Researchers with the Lester and Sue Smith Breast Center at Baylor College of Medicine have joined a team that includes groups from The Methodist Hospital and The University of Texas Health Science Center at Houston to better understand mechanisms of tumor-initiating breast cancer cells, which are resistant to chemotherapy and may be responsible for cancer recurrence and metastasis.

The team was formed through a five-year, $11.5 million National Institutes of Health center grant to Methodist. The BCM team will receive approximately $5.5 million of the grant.

“We will be trying to identify these tumor-initiating cells more precisely and expand our analysis of genetic regulators with the hopes of identifying new therapeutic targets,” said Dr. Michael Lewis, principal investigator of the BCM site and an assistant professor in the Smith Breast Center. “We hope to characterize the behavior of these cells, which are also currently under clinical study, to see how they respond to treatment.”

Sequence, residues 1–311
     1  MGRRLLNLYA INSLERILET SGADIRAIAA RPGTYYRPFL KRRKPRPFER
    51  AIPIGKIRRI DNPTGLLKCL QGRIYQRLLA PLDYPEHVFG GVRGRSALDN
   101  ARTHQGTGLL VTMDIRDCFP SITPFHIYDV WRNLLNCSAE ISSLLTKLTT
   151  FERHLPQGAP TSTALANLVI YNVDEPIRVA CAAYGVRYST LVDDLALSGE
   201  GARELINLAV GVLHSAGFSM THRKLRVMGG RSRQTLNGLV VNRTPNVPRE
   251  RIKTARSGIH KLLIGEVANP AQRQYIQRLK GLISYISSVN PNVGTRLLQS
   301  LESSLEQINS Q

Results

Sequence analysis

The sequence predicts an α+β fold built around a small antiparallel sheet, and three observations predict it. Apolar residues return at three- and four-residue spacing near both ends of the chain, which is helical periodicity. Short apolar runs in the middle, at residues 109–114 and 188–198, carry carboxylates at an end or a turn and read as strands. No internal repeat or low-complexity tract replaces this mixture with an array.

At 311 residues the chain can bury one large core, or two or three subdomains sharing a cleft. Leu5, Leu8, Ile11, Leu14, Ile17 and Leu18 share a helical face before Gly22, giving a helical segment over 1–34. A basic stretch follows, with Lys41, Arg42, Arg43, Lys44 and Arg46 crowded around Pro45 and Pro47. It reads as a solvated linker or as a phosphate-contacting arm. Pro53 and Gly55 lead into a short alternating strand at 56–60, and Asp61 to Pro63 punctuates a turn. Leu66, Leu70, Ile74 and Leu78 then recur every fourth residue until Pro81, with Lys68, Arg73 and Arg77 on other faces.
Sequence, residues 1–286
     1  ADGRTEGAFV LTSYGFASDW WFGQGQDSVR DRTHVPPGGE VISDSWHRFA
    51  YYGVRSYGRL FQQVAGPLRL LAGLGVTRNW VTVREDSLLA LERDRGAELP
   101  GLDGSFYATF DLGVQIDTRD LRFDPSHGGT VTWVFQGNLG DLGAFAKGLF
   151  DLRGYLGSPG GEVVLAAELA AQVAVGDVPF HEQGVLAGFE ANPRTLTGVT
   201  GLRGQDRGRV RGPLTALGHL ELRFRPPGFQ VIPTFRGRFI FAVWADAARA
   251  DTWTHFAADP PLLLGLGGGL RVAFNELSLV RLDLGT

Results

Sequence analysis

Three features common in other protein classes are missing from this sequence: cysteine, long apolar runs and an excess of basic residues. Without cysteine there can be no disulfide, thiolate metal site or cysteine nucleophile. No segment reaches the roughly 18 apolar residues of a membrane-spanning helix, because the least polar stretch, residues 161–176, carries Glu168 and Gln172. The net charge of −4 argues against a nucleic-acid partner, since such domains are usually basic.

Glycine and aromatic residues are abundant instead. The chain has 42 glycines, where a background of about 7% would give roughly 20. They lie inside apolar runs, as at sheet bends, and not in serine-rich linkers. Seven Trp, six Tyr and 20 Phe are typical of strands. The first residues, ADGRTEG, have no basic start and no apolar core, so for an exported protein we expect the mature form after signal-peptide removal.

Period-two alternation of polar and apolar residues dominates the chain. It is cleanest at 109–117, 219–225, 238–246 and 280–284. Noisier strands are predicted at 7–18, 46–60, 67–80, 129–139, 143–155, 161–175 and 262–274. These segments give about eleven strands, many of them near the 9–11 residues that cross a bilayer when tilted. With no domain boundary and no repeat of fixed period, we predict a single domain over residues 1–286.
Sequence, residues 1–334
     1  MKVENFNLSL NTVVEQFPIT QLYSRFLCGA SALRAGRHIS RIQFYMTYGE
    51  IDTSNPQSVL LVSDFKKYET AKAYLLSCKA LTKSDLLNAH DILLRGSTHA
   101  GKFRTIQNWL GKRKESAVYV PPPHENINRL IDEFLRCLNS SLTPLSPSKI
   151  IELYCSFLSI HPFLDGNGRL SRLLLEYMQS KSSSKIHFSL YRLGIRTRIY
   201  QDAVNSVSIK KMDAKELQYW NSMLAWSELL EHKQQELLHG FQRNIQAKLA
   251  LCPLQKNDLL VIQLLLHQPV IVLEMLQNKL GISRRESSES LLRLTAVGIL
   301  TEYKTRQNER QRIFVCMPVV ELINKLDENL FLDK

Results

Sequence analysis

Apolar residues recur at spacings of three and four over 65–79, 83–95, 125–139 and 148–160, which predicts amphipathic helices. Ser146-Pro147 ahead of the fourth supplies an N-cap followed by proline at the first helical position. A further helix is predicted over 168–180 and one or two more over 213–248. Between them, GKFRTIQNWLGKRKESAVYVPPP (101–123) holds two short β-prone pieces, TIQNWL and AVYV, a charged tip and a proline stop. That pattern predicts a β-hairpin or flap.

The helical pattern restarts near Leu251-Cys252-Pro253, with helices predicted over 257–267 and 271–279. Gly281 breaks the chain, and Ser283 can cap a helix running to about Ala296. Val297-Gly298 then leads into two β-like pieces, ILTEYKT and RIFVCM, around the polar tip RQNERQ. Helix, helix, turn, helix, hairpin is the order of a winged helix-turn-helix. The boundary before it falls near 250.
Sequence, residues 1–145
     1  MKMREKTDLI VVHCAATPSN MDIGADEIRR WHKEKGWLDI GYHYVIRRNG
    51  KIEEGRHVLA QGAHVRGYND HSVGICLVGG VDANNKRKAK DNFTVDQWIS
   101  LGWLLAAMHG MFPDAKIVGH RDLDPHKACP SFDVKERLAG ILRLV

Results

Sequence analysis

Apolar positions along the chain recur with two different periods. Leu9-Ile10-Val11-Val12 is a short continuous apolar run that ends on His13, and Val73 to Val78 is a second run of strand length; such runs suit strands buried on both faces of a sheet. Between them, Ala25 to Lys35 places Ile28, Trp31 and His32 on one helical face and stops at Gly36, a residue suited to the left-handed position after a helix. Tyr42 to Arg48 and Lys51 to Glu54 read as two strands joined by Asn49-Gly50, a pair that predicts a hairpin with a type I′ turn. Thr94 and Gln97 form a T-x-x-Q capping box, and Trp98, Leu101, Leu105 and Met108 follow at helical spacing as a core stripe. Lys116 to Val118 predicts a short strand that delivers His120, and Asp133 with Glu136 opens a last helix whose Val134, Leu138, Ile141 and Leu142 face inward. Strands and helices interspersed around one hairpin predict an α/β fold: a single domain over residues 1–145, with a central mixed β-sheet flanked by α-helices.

Researchers at Methodist and The University of Texas Health Science Center at Houston will establish bioinformatic and mathematical models that show how these cells behave in treated and untreated tumors. The models can make predictions that will be tested by the BCM team in a lab setting using novel experimental therapies.

Co-investigators of the BCM site include Drs. Jeffrey Rosen, Jenny Chang, Thomas Westbrook, Susan Hilsenbeck, Dean Edwards, Shixia Huang, Chad Shaw, Mary Dickinson, and Suzanne Fuqua.

The BCM team has been a pioneer of this new approach to treating breast cancer. Their research has contributed to identifying new genetic pathways that serve as effective targets for these cells.

Additionally, promising results from early animal and human trials involving one experimental treatment were recently announced.